I started scheduling my checkups for obscenely in the morning so when I was done, I’d already be “down the hill,” ready for the commute to work. I still schedule them early out of habit, but now it’s because I’m likely to be sleepy. I hate the non-checkup part of dentistry, opting for as much sensory deprivation/distraction as they’ll let me have: headphones (so
I don’t hear the drill), sunglasses (so I don’t see the drill), vibrating chair (so I don’t feel the drill), novocaine double-shot and nitrous (just in case the other stuff doesn’t work). When I had some 25 year-old fillings replaced in 2001, I apparently set some kind of unofficial office record for volume of nitrous consumed. (As a reference point, I feel guilty about taking an aspirin for minor swelling after a strenuous bike ride.)
This morning, were three people were working behind the desk. One asked if she could take my picture “for their records.” This seemed a little creepy, so I made up a lame excuse about not wanting to because I haven’t shaved. She looked puzzled, then handed me their standard form. It fishes for information on conditions that have occured since my last visit six months: Is my insurance the same? (The most important.) Am I taking any new and exciting medications? Have I had impure thoughts?
The dental hygeinist will ask me the same questions again anyway, so I tick the “no” box on the insurance question and sit down.
Right in front of me is a plasma television (turned off).
It’s too large for the waiting room. The juxtaposition of this modern entertainment marvel with the four-year old magazines on the table seems funny. Bets are even that the next time I visit, the TV will be in the dentist’s home, fully written off for (cough) tax purposes.
A few minutes later, Donna, the hygeinist, greets me. She’s always pleasant. I find this remarkable because she’s going to be spending the next fifty minutes X-raying, scraping, polishing and flossing my teeth. This has got to rank far below help desk technician and
TV meterologist but not nearly as bad as this job (go on, I know you want to know). Because I like her, I have refrained from my nominal intake of garlic and asparagus.
Donna reminds me that it’s February, and an odd-numbered year, which means… bitewings! I’m relieved. Even-numbered years are reserved for the CSI-special battery of X-rays. Even though the X-ray emitter is aimed at my jaw and I’m wearing a lead vest and I don’t intend to have any more children, I still reflexively cup my hands over my cajones.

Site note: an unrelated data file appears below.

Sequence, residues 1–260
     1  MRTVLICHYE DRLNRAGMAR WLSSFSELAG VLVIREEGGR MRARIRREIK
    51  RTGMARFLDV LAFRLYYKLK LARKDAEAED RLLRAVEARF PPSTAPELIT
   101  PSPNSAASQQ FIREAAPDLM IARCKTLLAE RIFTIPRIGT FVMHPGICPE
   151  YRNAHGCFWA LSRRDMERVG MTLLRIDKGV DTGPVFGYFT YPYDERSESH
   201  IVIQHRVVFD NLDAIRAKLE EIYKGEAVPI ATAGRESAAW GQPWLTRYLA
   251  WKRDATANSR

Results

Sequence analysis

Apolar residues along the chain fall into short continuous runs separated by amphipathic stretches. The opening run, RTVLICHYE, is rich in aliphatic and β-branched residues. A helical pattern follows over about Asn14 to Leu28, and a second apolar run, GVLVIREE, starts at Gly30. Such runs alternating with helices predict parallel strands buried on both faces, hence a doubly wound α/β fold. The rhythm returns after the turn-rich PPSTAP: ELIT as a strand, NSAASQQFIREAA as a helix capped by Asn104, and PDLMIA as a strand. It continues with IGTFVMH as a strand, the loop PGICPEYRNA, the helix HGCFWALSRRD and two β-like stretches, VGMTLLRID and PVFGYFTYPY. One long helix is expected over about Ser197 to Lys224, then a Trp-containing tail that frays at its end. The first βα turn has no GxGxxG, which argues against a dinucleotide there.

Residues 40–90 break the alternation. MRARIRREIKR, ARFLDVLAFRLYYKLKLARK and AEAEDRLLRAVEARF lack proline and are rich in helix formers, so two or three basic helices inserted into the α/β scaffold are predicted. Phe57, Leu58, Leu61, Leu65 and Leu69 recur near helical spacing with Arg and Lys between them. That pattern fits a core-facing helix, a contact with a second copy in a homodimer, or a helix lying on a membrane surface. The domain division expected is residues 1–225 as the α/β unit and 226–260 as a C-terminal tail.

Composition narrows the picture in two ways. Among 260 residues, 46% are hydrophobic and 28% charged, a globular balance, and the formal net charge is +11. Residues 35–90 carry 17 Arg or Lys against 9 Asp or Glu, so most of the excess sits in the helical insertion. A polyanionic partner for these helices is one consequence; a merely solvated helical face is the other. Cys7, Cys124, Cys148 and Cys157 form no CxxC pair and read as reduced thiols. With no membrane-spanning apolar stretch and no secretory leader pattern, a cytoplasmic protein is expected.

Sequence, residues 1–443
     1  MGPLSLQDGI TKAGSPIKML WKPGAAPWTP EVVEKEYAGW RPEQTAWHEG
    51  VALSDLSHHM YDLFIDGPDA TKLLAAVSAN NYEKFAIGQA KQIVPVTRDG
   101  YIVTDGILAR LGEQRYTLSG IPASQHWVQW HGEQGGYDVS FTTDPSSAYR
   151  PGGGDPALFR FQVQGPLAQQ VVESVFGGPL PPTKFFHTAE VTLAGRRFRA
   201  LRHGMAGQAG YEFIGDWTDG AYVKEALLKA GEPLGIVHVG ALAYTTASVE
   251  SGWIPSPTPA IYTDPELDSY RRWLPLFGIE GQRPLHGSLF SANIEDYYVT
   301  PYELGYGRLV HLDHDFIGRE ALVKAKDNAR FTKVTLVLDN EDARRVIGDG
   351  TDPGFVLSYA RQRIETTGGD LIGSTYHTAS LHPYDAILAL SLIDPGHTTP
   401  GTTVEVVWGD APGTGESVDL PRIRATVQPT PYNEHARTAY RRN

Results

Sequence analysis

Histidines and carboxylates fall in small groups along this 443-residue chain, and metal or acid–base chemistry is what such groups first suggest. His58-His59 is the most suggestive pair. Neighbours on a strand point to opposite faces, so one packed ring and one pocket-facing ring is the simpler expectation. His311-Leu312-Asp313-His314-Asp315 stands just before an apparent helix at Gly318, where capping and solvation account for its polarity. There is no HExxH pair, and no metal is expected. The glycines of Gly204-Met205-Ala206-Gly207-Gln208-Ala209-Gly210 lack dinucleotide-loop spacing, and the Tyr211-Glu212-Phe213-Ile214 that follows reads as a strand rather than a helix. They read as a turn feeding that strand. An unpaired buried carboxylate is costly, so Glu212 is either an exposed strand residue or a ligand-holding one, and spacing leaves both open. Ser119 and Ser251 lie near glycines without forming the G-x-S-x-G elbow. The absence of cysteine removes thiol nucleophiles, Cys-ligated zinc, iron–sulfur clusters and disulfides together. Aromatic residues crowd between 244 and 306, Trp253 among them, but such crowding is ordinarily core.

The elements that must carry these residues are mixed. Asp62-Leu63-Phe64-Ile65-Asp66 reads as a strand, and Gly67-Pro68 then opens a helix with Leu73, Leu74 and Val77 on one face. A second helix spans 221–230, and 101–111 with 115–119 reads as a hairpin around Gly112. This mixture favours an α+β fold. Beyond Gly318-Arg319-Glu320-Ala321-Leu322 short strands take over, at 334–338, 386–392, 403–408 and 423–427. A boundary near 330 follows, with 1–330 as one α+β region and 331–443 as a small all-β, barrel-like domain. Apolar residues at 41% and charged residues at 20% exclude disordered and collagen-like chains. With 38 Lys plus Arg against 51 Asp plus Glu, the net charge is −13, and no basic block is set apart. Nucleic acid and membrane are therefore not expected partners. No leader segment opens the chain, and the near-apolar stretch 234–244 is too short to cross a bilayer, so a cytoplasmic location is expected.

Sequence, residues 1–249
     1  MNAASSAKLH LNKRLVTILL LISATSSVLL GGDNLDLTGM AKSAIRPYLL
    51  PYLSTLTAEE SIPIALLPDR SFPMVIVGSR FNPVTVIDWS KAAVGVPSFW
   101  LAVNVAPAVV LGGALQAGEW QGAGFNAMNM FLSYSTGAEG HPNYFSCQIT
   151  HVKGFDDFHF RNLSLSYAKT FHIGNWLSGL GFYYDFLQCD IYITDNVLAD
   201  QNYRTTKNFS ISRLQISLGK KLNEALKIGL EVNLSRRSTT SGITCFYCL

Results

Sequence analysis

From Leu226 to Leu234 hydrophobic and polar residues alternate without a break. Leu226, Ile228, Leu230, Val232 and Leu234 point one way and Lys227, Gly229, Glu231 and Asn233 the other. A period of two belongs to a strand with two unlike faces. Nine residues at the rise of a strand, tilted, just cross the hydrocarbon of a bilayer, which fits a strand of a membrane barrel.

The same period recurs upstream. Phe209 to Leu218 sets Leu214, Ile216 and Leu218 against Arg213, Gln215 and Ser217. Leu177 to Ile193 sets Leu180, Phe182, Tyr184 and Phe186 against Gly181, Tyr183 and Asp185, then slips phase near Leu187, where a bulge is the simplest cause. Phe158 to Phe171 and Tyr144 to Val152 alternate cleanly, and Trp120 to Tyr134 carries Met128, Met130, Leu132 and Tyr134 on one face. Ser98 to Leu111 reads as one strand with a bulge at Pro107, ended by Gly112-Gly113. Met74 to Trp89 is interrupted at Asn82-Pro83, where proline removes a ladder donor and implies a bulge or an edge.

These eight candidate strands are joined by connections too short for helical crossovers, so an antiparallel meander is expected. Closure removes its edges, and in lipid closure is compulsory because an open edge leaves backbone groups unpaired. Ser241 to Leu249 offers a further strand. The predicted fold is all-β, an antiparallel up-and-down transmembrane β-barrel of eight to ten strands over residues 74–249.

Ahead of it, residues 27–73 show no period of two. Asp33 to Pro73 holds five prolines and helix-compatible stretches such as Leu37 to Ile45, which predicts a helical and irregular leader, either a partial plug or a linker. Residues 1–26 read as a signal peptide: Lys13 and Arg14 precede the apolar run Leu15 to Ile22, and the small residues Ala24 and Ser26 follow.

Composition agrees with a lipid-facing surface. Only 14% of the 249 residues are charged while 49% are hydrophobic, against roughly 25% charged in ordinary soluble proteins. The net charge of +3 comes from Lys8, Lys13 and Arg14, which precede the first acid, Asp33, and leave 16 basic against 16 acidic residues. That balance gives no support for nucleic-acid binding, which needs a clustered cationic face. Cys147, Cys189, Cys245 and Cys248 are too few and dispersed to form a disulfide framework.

Perhaps as a result of all the Diet Dr. Pepper I drink at work, this checkup is relatively tartar-free, but she hits a couple of “sensitive” areas near the gum line that cause me to wince. These aren’t anything I need to worry about. Yet. They’ve bothered me since, and I’m hoping it’s only psycho-somatic.
After the flossing was done, the dentist came in. He’s a bit of a technophile, always wanting to show me his latest eBay find. One visit he had a Nikon camera that would produce extreme close-ups, which he promptly demonstrated on my teeth. While I concede it was techically cool, I could fine more pleasant things to magnify. (Like, even in my pantry) Another year, I had a filling replaced. After he drilled into the tooth, he paused to show me what a cavity looks like from the inside. Big whiff of nitrous. That’s groovy, doc. Only it sounded more like “barglebruff” because everything was numb and I had a dental dam in my mouth.
Last visit, when he saw me poring through my file, he spent 20 minutes showing me how to read dental X-rays. Factoid: resin fillings are laced with barium so they show up on X-rays as brightly-colored. Without it, they’d be dark blotches.
This visit, he was double-booked and spent approximately 47 seconds checking my teeth and the bitewings, long enough to tell me I ought to lay off the Diet DP because most of my lower teeth, whose fillings are due to be replaced as soon as my insurance runs out, are starting to demineralize. There are pre-cavities, areas where the bacteria start collecting and eventually eat through the tooth, but too small to drill.
Big whiff of nitrous.